Asians are one of the fastest growing populations in the United States and are diverse, representing over 60 different nationalities. Using the basic tenets of critical race theory, this workshop will provide an overview of the experiences of East and South Asian immigrant families in the United States. Participants will learn how to recognize cultural dynamics that may be unique to Asian families. Kiran Shahreen Kaur Arora, PhD, will explore ways to work effectively with Asian clients and their families through case discussions.

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  • Working with Young Adults

    Working with young adults in the 21st century is demanding, especially given the set of challenges young people face.  Societal expectations to get partnered, be financially stable, and make it on their own not only create pressures, they also generate experiences of anxiety and self-doubt. In this age of Facebook, Twitter, and Instagram, space exists for young people to not only “brand” themselves but to be in constant contact. Why then do they feel disconnected and at a loss for how to be? Victoria Dickerson, PhD, will present a narrative approach for working with young adults that focus on helping them identify the problem and to notice and challenge the expectations. 

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  • Working with Reactivity in Couples and Families: A Buddhist Psychological Approach to Strong Emotions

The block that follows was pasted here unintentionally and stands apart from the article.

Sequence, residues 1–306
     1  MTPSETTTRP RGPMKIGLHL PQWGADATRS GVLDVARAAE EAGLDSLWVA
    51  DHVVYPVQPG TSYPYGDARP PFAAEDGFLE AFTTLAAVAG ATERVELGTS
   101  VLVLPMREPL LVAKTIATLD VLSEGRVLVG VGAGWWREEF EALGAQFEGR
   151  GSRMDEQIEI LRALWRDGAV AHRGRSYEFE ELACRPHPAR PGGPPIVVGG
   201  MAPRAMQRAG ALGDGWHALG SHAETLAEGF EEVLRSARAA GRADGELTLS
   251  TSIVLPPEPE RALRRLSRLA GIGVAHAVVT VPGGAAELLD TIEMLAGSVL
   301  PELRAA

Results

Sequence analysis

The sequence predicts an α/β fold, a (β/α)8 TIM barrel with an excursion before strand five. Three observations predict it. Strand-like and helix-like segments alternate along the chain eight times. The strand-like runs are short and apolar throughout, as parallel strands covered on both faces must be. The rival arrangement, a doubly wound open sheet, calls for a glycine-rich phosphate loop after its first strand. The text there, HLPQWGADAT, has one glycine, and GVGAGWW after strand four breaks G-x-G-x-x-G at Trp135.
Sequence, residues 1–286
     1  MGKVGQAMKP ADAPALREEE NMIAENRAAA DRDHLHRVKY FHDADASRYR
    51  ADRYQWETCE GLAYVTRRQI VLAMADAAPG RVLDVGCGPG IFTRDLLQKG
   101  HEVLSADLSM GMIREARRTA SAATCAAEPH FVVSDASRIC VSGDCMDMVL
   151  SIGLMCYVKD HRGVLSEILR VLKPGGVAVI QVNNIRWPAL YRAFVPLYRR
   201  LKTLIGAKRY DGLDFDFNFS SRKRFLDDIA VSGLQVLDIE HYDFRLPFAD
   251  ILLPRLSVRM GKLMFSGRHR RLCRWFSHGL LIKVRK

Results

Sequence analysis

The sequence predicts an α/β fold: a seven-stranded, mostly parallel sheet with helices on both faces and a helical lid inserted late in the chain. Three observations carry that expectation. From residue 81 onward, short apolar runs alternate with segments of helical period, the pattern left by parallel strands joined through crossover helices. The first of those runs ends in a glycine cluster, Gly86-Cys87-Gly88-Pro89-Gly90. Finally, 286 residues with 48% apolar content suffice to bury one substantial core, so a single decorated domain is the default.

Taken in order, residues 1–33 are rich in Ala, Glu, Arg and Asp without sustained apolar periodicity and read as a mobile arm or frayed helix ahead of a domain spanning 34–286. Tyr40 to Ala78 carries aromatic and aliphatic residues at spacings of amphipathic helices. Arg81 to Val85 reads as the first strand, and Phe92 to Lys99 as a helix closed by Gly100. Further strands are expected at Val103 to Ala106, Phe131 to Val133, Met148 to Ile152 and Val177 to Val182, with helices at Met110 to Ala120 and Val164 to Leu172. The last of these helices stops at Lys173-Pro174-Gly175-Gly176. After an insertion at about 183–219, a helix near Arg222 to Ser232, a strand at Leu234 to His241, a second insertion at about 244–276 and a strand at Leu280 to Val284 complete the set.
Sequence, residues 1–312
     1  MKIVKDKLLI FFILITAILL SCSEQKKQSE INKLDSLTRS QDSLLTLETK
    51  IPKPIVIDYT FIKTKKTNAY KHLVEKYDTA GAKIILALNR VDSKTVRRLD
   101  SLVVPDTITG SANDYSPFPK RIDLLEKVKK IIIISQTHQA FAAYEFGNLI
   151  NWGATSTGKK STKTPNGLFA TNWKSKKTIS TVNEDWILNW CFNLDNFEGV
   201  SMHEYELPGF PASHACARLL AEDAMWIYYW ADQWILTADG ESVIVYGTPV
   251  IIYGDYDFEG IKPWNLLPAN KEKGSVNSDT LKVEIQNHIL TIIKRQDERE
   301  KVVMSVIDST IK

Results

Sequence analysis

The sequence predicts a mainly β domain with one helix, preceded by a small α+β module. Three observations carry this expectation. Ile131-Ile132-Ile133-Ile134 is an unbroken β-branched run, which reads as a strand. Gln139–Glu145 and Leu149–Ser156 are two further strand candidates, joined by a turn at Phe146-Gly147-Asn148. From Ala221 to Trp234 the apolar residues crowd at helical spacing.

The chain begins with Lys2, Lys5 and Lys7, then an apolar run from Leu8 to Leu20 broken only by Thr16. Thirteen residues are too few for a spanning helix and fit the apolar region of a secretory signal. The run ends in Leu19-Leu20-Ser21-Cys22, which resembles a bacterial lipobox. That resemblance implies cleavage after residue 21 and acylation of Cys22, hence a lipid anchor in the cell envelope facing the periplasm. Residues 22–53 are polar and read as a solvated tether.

Emotions are filters for how we experience the significant people in our lives. When in the grip of a strong emotion, there is a narrowing of attention, which inhibits our capacity to see things clearly. This is particularly true with the compelling nature of negative emotions. When we feel injured, threatened, or shamed, we are at risk of using our thoughts, language and action unskillfully. Drawing on a Buddhist influenced psychological perspective, this workshop presented by David Kezur, LCSW will focus on the nature of emotional experience and the way it can cause havoc and harm in relationships.

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  • Working with Muslim Individuals and Families: Culturally Competent Care

    The Muslim community within the United States. is one of the largest growing communities and is diverse in its immigration history, educational background, socioeconomic status, beliefs and values, and other cultural identities. This has prompted the need to develop culturally competent and effective assessment and intervention strategies while working with Muslim families. Rupa M. Khetarpal, MA, MSW, LCSW will provide an experiential overview of some of the characteristics that contribute towards the Muslim identity including geography, migration, historical roots, religious beliefs, ethnic and cultural identity issues, leading to the current experience of Muslim families as they live within a highly politicized environment, exposed to consistent and indiscriminate negative attitudes and emotions directed at themselves and to Islam.